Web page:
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dc.rights.licenseAttribution 4.0 International (CC BY 4.0)
dc.contributor.authorAng, Chiew Way
dc.contributor.authorTan, Min Min
dc.contributor.authorBärnighausen, Till
dc.contributor.authorReininghaus, Ulrich
dc.contributor.authorReidpath, Daniel
dc.contributor.authorSu, Tin Tin
dc.identifierpubmed: 36151113
dc.identifierdoi: 10.1038/s41598-022-20020-1
dc.identifierpii: 10.1038/s41598-022-20020-1
dc.identifierpmc: PMC9508187
dc.identifier.citationAng, C.W., Tan, M.M., Bärnighausen, T., Reininghaus, U., Reidpath, D. and Su, T.T. (2022) ‘Mental distress along the cascade of care in managing hypertension’, Scientific Reports, 12(1), p. 15910. Available at:
dc.descriptionFrom PubMed via Jisc Publications Router
dc.descriptionHistory: received 2022-02-01, accepted 2022-09-07
dc.descriptionPublication status: epublish
dc.descriptionDaniel Reidpath - ORCID: 0000-0002-8796-0420
dc.descriptionVoR deposited on 22-12-23
dc.description.abstractHypertension might be a contributing factor of mental illness. The aim of this study was to investigate the association between different levels of hypertension care and mental distress among hypertensive individuals in Malaysia. We constructed a hypertension care cascade using data of 6531 hypertensive individuals aged ≥ 35 years that were collected as part of the community health survey conducted in 2013 in the South East Asia Community Observatory. We examined the association between the status of hypertension care and mental distress using multiple logistic regressions. Respondents who had not been screened for hypertension and those who had uncontrolled blood pressure (BP) had higher odds of depression, anxiety and, stress compared to those who had been screened and those who had controlled BP, respectively. Respondents who were not taking antihypertensive medication had lower odds of depression and anxiety compared to those who were on medication. There was an association between different levels of hypertension care and mental distress. The application of a hypertension care cascade may help improve the provision of mental health support in primary care clinics. Specific mental health interventions could be provided for patients with particular needs along the cascade. [Abstract copyright: © 2022. The Author(s).]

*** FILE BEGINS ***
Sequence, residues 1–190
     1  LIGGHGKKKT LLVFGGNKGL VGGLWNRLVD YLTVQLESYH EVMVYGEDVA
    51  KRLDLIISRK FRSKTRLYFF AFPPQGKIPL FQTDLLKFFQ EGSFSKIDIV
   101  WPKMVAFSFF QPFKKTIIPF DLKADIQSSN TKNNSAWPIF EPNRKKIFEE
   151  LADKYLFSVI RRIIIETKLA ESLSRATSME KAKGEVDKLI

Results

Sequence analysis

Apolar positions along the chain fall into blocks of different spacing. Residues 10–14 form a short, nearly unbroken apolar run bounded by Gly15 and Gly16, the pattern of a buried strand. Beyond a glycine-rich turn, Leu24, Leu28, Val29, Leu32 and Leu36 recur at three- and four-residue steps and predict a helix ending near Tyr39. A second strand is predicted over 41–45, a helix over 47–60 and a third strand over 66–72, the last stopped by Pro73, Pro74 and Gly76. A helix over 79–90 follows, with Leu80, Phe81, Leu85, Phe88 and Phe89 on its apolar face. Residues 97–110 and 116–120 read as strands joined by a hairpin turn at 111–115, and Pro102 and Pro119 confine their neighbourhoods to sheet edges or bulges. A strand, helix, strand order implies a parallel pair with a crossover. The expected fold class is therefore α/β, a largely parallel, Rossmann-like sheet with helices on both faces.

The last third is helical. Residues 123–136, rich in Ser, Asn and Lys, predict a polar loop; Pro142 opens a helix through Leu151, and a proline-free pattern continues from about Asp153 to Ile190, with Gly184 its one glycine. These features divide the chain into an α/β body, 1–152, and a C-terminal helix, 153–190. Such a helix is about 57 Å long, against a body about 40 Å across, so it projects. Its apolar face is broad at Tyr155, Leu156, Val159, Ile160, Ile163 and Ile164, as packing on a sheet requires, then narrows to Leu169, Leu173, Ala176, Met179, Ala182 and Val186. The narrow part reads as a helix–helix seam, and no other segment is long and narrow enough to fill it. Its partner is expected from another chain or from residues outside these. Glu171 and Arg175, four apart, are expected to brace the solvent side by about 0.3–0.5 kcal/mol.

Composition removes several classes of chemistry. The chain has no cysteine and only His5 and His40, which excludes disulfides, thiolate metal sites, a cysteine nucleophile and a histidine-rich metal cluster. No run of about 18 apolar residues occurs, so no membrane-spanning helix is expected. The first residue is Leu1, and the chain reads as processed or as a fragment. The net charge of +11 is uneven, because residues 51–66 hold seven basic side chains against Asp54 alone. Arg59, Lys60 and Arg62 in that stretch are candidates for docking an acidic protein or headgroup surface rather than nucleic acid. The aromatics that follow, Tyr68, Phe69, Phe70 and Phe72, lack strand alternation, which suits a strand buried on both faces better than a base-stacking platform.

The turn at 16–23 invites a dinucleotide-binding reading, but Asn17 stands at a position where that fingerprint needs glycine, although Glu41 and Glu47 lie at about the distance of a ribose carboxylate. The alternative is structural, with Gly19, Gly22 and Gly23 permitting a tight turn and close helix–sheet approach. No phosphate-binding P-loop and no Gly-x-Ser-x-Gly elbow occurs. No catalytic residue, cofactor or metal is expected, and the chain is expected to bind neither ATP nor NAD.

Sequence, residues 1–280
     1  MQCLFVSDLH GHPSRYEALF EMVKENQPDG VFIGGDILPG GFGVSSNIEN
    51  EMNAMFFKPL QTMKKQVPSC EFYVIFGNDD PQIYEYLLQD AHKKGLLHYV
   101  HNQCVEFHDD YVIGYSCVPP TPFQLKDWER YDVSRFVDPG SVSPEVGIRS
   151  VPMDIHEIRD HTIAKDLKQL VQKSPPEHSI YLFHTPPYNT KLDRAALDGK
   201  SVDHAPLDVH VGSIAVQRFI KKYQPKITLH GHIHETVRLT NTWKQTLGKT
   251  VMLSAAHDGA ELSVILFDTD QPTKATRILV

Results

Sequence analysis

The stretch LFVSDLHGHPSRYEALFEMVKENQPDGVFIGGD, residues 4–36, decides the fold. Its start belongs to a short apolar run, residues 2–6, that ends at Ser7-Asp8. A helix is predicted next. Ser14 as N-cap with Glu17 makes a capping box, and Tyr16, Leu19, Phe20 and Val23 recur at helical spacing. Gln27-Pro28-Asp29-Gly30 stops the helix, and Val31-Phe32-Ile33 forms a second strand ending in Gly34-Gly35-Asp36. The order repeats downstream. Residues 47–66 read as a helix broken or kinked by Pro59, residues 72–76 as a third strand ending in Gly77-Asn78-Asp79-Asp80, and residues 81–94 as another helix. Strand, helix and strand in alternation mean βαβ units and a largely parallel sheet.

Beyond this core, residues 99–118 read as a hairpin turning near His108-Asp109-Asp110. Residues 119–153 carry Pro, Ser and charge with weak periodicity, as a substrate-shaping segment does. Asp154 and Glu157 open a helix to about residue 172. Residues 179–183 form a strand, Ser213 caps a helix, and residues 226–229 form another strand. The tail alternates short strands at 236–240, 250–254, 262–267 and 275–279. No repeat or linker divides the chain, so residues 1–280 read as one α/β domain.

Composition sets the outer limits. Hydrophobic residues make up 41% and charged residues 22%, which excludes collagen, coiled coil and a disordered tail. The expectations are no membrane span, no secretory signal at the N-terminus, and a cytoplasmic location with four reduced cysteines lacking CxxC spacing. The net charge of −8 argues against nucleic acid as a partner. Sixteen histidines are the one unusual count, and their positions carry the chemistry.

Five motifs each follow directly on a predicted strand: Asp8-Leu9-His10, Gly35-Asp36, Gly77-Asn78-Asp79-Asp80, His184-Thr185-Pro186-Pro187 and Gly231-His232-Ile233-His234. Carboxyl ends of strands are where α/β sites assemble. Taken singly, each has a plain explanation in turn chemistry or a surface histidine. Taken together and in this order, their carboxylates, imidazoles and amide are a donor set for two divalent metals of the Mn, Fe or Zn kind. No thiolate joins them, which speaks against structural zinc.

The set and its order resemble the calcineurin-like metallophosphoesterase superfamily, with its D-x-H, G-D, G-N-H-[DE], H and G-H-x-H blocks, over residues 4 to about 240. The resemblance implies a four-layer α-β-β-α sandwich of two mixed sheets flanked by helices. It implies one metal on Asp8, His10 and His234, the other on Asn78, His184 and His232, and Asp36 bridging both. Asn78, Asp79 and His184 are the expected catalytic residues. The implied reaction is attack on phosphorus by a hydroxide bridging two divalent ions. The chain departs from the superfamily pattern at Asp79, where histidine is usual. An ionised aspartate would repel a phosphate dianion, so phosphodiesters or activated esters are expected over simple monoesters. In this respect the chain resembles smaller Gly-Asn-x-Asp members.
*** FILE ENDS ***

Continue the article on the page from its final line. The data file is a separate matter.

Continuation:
dc.rightsOpen Access This article is licensed under a Creative Commons Attribution 4.0 International License, which permits use, sharing, adaptation, distribution and reproduction in any medium or format, as long as you give appropriate credit to the original author(s) and the source, provide a link to the Creative Commons licence, and indicate if changes were made. The images or other third party material in this article are included in the article's Creative Commons licence, unless indicated otherwise in a credit line to the material. If material is not included in the article's Creative Commons licence and your intended use is not permitted by statutory regulation or exceeds the permitted use, you will need to obtain permission directly from the copyright holder. To view a copy of this licence, visit
dc.sourceeissn: 2045-2322
dc.subjectHypertension - drug therapy - therapy
dc.subjectMental Disorders - drug therapy
dc.subjectSurveys and Questionnaires
dc.subjectBlood Pressure
dc.subjectAntihypertensive Agents - pharmacology - therapeutic use
dc.titleMental distress along the cascade of care in managing hypertension.
qmu.authorReidpath, Daniel
qmu.centreInstitute for Global Health and Development

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Attribution 4.0 International (CC BY 4.0)
Except where otherwise noted, this item's license is described as Attribution 4.0 International (CC BY 4.0)